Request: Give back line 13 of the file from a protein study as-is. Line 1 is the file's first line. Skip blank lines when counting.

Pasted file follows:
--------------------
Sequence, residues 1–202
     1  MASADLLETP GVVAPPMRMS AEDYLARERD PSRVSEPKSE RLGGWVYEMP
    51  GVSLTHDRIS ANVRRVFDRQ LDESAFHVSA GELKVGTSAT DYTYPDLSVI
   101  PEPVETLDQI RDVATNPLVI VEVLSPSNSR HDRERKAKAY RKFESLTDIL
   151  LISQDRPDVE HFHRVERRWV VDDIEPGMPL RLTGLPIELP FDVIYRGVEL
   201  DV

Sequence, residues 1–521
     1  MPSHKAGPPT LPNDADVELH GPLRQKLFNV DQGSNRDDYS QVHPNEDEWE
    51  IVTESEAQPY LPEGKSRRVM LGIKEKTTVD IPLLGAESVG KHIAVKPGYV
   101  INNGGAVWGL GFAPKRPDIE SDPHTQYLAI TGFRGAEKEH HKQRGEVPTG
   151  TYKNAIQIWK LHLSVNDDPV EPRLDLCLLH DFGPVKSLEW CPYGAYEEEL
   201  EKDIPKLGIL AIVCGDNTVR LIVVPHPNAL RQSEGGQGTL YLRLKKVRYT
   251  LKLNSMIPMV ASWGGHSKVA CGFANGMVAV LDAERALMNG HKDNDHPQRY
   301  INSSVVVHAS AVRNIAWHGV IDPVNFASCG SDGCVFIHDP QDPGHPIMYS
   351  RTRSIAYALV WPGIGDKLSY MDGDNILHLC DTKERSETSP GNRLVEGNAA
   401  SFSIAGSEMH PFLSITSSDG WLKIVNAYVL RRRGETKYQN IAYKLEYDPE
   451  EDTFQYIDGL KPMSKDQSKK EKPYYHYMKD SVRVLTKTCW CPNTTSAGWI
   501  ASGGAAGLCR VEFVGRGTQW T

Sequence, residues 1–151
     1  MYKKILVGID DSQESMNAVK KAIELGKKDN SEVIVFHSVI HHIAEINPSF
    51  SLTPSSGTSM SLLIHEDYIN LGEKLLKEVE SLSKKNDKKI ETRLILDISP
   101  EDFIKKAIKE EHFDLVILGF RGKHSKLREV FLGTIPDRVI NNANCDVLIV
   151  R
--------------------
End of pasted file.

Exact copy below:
   251  LKLNSMIPMV ASWGGHSKVA CGFANGMVAV LDAERALMNG HKDNDHPQRY